Like its companion volume, The Sacred Mirror, Listening from the Heart of Silence is both inspiring and instructive. To be fully appreciated, it needs to be read slowly and thoughtfully, studied even, because it's breaking new conceptual and practical ground regarding the integration of psychotherapy and nondual wisdom.

We've understood for the last 50 years or so that the personhood of the therapist, his or her own maturity and authenticity, is extremely important to the healing process. But we're just starting to understand what it means when the mature and authentic psychotherapist is also a somewhat "awakened" being, when he or she can access a nondual state of awareness while sitting with their troubled client. That is the territory these two volumes explore. They offer us some valuable distinctions and language that will allow us to understand and discuss this new intersection more clearly.

The opening essay alone is worth the price of the book. It's titled: Toward and Embodied Nonduality: Introductory Remarks. It provides a sorely needed overview of this whole somewhat confusing territory of nondual consciousness and the process of awakening. Most of the books I've read concerning nondual awareness, while helpful to varying degrees, represent the experience and viewpoint of just one person, who usually isn't that interested in articulating his or her awakening within a larger social and cultural perspective. Listening from the Heart of Silence asks the important question: What happens, what is possible, when we listen to one another with the spacious mind and compassionate heart which accompany our awakening?

If you're only going to read one of the two volumes, read this one.
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15 of 16 people found the following review helpful By Jerry Katz on June 17, 2007
Format: Paperback
This book is overflowing with enthusiastic, pioneering, sparkling, nonduality talkers. Each contributor gives 110%. There's a sense of urgency to communicate. Thus this book is very alive.

"Nondual consciousness is experienced as the basis of contact, the most intimate contact one can have, with oneself and others," writes Judith Blackstone, revealing the cornerstone of this book.

The authors consider the paradox of nonduality: that you can talk as if you know the nondual, and there is no one to know it. Kaisa Puhakka says, "...that paradox is an antidote to seriousness, and so a gateway to openness and humility."

This book is an excellent introduction to nonduality. Read it for that reason alone. The purpose though is to show how nonduality is inherently fused to psychotherapy. Buddhist teachings are mostly the backdrop for this work. Therapists will appreciate that the authors speak their language, and will benefit from the practical side of this book. All readers could benefit, as the pursuit of nonduality is often an intense psychological adventure.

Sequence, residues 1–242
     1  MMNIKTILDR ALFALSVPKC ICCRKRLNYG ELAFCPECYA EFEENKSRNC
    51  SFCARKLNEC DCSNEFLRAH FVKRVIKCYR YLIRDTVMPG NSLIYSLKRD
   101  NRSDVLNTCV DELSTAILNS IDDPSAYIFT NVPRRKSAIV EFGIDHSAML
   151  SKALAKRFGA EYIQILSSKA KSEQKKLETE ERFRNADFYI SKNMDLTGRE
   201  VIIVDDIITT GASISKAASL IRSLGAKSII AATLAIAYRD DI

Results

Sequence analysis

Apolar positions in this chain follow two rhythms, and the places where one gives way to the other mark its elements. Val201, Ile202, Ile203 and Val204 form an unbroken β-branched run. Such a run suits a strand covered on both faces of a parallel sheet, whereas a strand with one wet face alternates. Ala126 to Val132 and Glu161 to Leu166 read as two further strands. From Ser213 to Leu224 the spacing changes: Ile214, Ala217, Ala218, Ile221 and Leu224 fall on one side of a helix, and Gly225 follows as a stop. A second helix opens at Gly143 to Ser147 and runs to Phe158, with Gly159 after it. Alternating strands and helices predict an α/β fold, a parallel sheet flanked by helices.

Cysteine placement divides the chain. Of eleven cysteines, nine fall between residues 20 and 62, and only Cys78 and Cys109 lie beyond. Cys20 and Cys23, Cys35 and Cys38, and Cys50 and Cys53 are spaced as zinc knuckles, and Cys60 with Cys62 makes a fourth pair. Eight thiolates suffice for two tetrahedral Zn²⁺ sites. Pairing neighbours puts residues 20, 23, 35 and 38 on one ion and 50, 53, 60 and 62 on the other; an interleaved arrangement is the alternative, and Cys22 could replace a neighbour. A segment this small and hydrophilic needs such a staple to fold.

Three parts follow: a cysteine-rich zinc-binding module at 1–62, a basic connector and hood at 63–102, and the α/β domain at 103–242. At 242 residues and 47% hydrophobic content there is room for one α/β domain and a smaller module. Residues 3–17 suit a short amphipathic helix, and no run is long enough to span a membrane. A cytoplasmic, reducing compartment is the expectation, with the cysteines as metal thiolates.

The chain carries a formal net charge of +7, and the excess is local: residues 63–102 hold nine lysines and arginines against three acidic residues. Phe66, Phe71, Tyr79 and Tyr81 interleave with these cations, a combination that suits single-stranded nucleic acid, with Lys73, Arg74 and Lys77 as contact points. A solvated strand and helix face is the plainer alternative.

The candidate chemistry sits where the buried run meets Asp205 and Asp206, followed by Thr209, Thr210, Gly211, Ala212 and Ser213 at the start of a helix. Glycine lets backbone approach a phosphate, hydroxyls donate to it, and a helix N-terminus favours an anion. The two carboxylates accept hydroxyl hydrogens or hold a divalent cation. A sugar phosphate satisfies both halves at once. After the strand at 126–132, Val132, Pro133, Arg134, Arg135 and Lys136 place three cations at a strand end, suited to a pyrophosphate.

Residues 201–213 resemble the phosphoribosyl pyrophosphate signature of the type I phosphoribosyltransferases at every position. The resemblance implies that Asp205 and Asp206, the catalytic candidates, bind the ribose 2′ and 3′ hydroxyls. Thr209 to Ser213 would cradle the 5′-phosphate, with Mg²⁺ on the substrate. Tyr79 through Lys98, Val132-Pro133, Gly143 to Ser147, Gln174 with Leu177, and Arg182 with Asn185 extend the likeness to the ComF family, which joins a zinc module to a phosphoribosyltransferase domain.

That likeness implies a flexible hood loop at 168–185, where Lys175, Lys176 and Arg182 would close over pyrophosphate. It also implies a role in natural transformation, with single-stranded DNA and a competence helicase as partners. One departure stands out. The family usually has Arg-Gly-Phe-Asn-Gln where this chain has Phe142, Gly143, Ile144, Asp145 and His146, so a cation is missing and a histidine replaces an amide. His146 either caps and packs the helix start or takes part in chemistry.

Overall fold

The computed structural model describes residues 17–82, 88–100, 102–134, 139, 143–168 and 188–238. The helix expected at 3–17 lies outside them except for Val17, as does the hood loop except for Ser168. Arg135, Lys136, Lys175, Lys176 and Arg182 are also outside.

Jerry Katz
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5 of 5 people found the following review helpful By P. Parisi on November 4, 2007
Format: Paperback Verified Purchase
Until the 1980's and 1990's (with the important exception of Carl Jung), psychotherapy has been helpless to work with people in the realm of spirituality, and more specifically in the state of non-dualism. We are in an age where, to paraphrase Mark Epstein, spirituality has left the hands of the monastics and is now in the hands of householders -- and psychotherapists.

To be able to enter, experience and know the state of non-dualism is to uncover an essential part of ourselves that is hidden from view because of our conditioned dualistic nature. From the state of non-dualism, the troubling emotions and psychological states of the dualistic self can be better understood and worked with compassionately. From this grows a sensitivity and kindness to all our foibles in our ordinary waking life, as well as an increased sensitivity to the subtle energies of the life force as it plays out between people. Experience in the non-dual helps us to accept ourselves and our lives.

To learn to identify with our non-dualistic aspect is to awaken. This is what all the ancient wisdom schools know and teach. To know or understand the (dualistic) self is to disidentify with the self and to learn about one's true self through the state of non-dualism.

This should be recommended reading for anyone training in psychotherapy.